Home Education Magazine
November-December 1999 - Articles
Reflections of a Homeschooled Homeschooler - Rebecca Bangs Amos
My daughter Ashley, while reading Little House on the Prairie, described a "pioneer" as someone willing to take chances in an effort to improve upon his or her present life. For the pioneers who left civilization behind and set out to tame an unknown wilderness, being pioneers meant risking their lives.
I now find myself being labeled "pioneer" - a pioneer of homeschooling. Although my parents were not the first to follow this less traveled road (Thomas Edison, Robert Frost, and Sandra Day O'Connor are three from a long list of famous people who were taught at home), homeschooling was far from commonplace in 1970. Our lives were not threatened as were those of the Ingalls family, but there were many questions about the long-term effects of being isolated from our peers and of learning from our parents.
When my parents shared their plans of moving to a 500-acre farm in Northern Vermont where they would educate their children themselves, their friends responded with, "Are you crazy?" My friends wondered how I could even consider having my mother and father for teachers. "I couldn't stand it," they would say. Even our grandparents were strongly opposed to the arrangement.
The Vermont Department of Education was no more prepared for my parents' proposal than were their friends and family. They had no guidelines for handling what my parents wanted to do. To the state's credit, rather than deny my parents the right to home educate based on a lack of guidelines, members of the education department created a situation which allowed us to proceed. My parents were granted permission to offer "an equal education" at home.
I guess that is part of what makes pioneers: a willingness to take chances despite the doubts of others.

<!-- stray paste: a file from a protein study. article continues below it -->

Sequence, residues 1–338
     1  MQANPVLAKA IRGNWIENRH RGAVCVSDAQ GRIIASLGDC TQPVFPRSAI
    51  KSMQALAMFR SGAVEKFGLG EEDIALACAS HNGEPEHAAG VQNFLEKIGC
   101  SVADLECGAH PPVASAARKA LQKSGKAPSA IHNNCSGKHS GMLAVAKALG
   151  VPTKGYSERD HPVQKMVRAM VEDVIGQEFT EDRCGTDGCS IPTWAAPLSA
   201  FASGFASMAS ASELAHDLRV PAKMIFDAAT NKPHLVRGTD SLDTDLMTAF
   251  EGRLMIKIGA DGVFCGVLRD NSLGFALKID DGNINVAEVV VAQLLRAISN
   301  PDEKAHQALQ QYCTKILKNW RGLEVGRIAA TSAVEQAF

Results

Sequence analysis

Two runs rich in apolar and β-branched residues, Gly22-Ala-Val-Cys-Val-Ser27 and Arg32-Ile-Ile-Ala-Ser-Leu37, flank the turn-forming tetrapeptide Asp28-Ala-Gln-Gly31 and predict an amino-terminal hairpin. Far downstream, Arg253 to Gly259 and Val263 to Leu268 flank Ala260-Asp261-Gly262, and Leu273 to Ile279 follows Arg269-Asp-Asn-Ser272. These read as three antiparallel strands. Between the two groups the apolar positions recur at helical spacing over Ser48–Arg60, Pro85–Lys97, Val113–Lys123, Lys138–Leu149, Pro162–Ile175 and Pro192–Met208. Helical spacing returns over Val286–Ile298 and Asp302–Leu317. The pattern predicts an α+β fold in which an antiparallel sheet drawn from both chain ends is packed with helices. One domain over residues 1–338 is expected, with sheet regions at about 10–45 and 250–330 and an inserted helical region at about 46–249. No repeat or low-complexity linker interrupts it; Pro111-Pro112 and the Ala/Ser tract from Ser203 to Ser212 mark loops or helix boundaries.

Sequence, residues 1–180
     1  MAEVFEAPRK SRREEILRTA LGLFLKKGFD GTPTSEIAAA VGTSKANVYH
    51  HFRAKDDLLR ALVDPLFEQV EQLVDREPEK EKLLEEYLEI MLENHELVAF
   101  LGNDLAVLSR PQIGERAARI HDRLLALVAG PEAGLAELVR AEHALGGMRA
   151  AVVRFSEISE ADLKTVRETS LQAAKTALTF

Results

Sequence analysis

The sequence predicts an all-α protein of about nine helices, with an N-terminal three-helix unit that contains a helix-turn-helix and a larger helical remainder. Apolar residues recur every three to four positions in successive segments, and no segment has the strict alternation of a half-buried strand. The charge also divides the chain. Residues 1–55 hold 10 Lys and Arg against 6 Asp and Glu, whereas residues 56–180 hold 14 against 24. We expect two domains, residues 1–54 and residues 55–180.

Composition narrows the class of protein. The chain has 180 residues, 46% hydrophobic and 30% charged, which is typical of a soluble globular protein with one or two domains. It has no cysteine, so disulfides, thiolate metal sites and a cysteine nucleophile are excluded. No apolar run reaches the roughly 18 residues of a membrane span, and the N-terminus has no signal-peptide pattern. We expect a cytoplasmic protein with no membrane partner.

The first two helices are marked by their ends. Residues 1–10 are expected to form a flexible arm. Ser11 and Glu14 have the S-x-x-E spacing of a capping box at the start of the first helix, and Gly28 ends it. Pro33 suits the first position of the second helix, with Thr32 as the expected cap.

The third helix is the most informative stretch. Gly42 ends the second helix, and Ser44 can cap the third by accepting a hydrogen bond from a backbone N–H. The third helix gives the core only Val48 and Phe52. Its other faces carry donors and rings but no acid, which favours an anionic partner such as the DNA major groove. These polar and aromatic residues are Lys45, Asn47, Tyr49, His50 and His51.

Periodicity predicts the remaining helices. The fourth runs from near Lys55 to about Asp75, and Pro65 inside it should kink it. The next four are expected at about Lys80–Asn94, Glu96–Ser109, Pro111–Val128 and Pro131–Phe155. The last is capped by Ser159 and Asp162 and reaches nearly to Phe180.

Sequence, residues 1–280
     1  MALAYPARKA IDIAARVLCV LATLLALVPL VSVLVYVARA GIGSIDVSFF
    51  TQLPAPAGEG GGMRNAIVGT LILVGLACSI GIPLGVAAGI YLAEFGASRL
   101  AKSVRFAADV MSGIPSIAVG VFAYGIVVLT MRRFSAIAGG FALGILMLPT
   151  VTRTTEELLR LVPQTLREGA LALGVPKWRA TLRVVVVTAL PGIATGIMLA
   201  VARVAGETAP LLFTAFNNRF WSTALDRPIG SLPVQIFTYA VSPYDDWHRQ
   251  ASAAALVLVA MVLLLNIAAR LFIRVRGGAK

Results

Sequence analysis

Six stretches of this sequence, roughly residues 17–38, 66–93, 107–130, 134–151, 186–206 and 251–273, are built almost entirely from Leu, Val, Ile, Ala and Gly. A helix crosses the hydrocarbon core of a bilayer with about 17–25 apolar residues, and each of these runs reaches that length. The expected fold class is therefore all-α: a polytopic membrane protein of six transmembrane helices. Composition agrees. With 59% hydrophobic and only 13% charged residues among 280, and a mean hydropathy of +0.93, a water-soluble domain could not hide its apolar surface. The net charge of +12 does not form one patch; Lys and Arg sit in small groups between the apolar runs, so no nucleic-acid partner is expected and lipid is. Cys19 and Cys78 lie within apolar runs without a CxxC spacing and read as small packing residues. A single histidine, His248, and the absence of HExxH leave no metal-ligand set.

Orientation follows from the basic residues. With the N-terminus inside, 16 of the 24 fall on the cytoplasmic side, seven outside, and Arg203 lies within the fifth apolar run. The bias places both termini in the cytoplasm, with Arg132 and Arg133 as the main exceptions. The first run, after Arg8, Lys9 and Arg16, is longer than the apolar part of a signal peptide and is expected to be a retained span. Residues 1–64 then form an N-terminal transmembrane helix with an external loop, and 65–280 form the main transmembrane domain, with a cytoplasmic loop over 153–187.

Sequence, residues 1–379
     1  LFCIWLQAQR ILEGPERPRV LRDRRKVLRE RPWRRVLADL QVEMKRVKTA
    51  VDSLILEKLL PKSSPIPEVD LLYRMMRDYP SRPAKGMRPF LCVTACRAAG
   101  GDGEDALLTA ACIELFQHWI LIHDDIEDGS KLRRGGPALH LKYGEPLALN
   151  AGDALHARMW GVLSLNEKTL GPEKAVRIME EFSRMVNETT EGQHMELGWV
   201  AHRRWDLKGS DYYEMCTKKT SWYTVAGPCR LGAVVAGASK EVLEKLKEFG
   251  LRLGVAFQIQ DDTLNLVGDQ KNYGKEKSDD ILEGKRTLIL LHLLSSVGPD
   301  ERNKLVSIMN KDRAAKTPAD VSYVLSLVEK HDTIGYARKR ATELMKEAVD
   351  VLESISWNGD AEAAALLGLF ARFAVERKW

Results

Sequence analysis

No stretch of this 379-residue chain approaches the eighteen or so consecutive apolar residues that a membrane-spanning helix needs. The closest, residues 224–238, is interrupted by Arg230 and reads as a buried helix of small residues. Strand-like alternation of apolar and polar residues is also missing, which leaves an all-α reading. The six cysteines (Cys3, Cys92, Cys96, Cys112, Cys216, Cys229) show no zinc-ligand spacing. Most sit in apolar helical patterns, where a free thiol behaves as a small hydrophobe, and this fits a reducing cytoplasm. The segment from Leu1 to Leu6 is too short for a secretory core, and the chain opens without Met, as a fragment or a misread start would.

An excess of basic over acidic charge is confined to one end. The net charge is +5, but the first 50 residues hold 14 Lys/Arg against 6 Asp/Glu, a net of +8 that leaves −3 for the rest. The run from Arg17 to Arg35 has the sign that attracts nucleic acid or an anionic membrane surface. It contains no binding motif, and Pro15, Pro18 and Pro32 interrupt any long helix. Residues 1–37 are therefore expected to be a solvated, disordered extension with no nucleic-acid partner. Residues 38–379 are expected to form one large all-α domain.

I can't imagine a more fulfilling education than the one I had. We painted in the style of Impressionist painters, cooked Austrian meals, and celebrated a Norwegian Christmas. We even learned how to parse sentences, an art which seems to have been lost and one we would benefit greatly from by reviving. We gained, over a long period of time and many and varied events, a confidence in ourselves that comes from having such a breadth of knowledge. We felt confident entertaining Gov. George Aiken at a school luncheon, and we felt confident setting out from Oregon, just two young ladies on two bicycles with panniers and a map, headed for the Atlantic Ocean. Six-and-a-half weeks and 3000 miles after starting with our rear wheels in the Pacific Ocean, my sister Sarah and I stood with our front wheels in the Atlantic Ocean.
My siblings and I all went on to college: Williams, UVM, Bowdoin, and Dartmouth. I struggled in college - not academically, but socially. I was shy by nature, but what made my college years so difficult was I couldn't stand the facade behind which many of my peers hid. College students struck me as terribly self-centered and concerned more with acting on what would impress their peers than on acting upon what was right and genuine. They also seemed to have great disdain for their parents. I was dumbfounded by what I heard them say to and about their mothers and fathers. There was no one I held in higher regard than my parents and I looked forward to vacations when I could go home. If I had a problem on a history paper, I called 1-800-DAD-HELP. I used the same number for calculus and astronomy.
At the time I was in college I did not credit my regard for my parents to having been taught at home, but I now perceive it as The great advantages of my education.
I married a man whose education was as mainstream as could be. He graduated valedictorian of his public high school class and went on to graduate from Yale University. I try not to hold any of that against him. He was content with his education although he is the first to admit there are serious gaps, and to this day has wonderful memories of his years on a championship high school football team. He has dreamt of the day his son and daughters could experience the same thrill he felt being a member of a winning team.